It's like going on strike - you can feel good about going on strike from your family if they are not meeting your basic needs for respect.

I think if you wrote to noted internet advice columnist Captain Awkward, she would say that it is tempting to believe that you can finesse a solution where no one is upset, but actually there is only a solution where you are hurt/insulted and your family pretends nothing is happening versus a solution where you protect yourself and your family is upset.

I would skip this event and tell people why if asked. Or have your partner tell them - he can stand up for you on this issue.
posted by Frowner at 1:51 PM on December 7, 2017 [12 favorites]

It sounds like you want to go to celebrate your parents’ milestone, so what if you go but have an escape plan for if your SIL starts behaving badly? That is, you make sure the day is planned so that if she starts yelling at you (or otherwise causing a problem), you can just walk away and leave rather than needing to wait for a ride or anything like that. You can tell your parents and brother in advance that this is the plan - that you want to go, that you will be polite (not warm, but coolly/distantly polite) to the SIL, but if she acts badly, you’re out. If she acts badly and you leave, it’s her fault, not yours.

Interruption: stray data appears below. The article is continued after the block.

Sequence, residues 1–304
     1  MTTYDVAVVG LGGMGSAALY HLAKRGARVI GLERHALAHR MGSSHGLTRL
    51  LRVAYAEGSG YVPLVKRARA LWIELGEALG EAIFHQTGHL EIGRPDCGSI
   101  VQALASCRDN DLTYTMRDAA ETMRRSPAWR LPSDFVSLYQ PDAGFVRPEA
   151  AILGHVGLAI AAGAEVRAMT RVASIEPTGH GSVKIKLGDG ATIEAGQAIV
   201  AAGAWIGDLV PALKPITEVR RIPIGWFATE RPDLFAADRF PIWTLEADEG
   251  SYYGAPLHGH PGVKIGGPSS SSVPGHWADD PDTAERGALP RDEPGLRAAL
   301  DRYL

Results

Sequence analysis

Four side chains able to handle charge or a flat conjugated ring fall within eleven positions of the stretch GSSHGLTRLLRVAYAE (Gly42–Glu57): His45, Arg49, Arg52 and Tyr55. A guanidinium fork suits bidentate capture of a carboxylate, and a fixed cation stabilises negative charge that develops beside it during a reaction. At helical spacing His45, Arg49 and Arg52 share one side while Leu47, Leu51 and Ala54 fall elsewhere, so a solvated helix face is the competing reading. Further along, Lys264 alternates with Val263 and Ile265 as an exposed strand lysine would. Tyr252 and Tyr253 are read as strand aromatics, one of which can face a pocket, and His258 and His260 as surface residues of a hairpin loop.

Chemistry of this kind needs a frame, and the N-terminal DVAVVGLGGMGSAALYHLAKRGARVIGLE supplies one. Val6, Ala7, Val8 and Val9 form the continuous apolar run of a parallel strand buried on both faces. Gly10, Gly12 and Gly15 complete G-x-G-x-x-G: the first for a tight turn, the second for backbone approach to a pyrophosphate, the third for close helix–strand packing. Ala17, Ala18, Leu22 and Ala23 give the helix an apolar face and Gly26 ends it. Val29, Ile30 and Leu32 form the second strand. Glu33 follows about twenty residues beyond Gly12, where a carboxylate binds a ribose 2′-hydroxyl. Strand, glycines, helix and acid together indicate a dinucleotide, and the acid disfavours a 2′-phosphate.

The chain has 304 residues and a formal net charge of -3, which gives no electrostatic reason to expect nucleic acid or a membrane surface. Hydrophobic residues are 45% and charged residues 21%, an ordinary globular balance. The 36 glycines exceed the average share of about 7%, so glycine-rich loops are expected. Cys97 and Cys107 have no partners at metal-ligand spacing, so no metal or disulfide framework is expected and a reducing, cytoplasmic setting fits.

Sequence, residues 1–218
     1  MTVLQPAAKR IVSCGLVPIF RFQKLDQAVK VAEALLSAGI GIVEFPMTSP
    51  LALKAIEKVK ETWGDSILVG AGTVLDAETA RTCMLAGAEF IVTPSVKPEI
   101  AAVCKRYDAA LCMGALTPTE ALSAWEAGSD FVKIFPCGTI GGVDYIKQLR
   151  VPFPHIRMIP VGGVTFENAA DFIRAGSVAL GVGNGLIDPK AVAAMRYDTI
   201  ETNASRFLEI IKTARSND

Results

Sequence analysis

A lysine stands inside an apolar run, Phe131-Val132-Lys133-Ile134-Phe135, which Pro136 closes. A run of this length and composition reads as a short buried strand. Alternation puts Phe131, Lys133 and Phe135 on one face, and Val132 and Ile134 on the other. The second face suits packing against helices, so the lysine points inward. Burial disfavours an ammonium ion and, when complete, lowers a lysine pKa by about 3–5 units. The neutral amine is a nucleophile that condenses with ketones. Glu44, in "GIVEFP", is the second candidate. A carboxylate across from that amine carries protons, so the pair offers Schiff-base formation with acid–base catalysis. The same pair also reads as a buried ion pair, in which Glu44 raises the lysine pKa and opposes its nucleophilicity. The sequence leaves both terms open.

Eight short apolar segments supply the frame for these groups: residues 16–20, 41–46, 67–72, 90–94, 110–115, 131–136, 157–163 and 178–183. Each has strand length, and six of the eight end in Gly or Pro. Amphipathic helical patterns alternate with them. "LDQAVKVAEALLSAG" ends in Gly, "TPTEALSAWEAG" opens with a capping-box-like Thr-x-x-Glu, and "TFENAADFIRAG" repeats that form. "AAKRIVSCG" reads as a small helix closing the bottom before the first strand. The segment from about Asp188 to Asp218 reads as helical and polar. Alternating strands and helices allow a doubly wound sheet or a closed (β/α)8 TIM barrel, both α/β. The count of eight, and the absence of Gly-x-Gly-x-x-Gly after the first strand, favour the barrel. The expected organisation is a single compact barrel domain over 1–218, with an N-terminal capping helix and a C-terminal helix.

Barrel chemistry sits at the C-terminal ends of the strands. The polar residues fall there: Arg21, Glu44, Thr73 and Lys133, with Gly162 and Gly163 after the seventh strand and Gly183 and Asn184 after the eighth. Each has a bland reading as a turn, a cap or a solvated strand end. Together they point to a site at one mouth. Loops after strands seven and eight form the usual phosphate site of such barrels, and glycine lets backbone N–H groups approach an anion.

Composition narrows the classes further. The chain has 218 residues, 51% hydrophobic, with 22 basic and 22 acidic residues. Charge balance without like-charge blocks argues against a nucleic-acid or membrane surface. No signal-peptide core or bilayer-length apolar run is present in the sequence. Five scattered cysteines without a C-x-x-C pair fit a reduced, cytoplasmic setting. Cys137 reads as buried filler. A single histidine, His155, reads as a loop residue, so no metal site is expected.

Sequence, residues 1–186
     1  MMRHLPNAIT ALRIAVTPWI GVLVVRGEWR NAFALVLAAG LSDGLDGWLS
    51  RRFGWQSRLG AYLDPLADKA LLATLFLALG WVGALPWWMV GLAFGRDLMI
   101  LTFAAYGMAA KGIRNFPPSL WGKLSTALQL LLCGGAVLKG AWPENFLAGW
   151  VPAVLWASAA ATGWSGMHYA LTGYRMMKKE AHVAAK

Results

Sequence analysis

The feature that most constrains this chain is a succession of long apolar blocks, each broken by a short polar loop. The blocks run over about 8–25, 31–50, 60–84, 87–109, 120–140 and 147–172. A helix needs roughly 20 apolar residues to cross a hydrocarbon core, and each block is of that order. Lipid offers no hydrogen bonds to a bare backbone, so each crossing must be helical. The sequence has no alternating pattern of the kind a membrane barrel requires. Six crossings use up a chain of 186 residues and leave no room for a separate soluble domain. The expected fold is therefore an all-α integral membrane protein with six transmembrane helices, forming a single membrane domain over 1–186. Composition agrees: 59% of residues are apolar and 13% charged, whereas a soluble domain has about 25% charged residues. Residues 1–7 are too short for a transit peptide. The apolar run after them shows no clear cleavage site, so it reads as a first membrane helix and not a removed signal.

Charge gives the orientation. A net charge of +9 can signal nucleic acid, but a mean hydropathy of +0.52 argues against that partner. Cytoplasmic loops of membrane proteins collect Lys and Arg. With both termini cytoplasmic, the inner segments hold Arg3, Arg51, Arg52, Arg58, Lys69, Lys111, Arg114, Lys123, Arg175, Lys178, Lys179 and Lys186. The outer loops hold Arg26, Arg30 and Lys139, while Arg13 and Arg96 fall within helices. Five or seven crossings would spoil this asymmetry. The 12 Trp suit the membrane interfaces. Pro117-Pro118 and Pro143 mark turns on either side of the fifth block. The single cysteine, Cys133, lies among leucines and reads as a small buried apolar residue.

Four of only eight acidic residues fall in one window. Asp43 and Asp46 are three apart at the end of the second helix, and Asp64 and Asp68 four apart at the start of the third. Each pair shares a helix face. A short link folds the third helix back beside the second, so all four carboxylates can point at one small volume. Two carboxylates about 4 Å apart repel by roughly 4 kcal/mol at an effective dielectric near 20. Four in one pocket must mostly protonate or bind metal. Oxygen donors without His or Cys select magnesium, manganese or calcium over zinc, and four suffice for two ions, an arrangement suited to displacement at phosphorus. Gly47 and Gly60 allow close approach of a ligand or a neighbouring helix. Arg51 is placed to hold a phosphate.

It would be totally understandable if you prefer not to go and to celebrate with your parents separately from your brother and SIL - my answer above is just for if you want to go.
posted by insectosaurus at 1:52 PM on December 7, 2017 [16 favorites]

I think your brother should leave his horrible wife at home for this event.

I think you should ask him to, and explain why if he's conveniently forgotten. Slurs about your disability, really???

If he won't, take your parents out for a nice dinner or whatever, and skip the other thing. They -- all of these people -- need to learn that tolerating and excusing this horrible missing-stair woman's behavior means that whole-family events are not realistic.
posted by fingersandtoes at 2:29 PM on December 7, 2017 [11 favorites]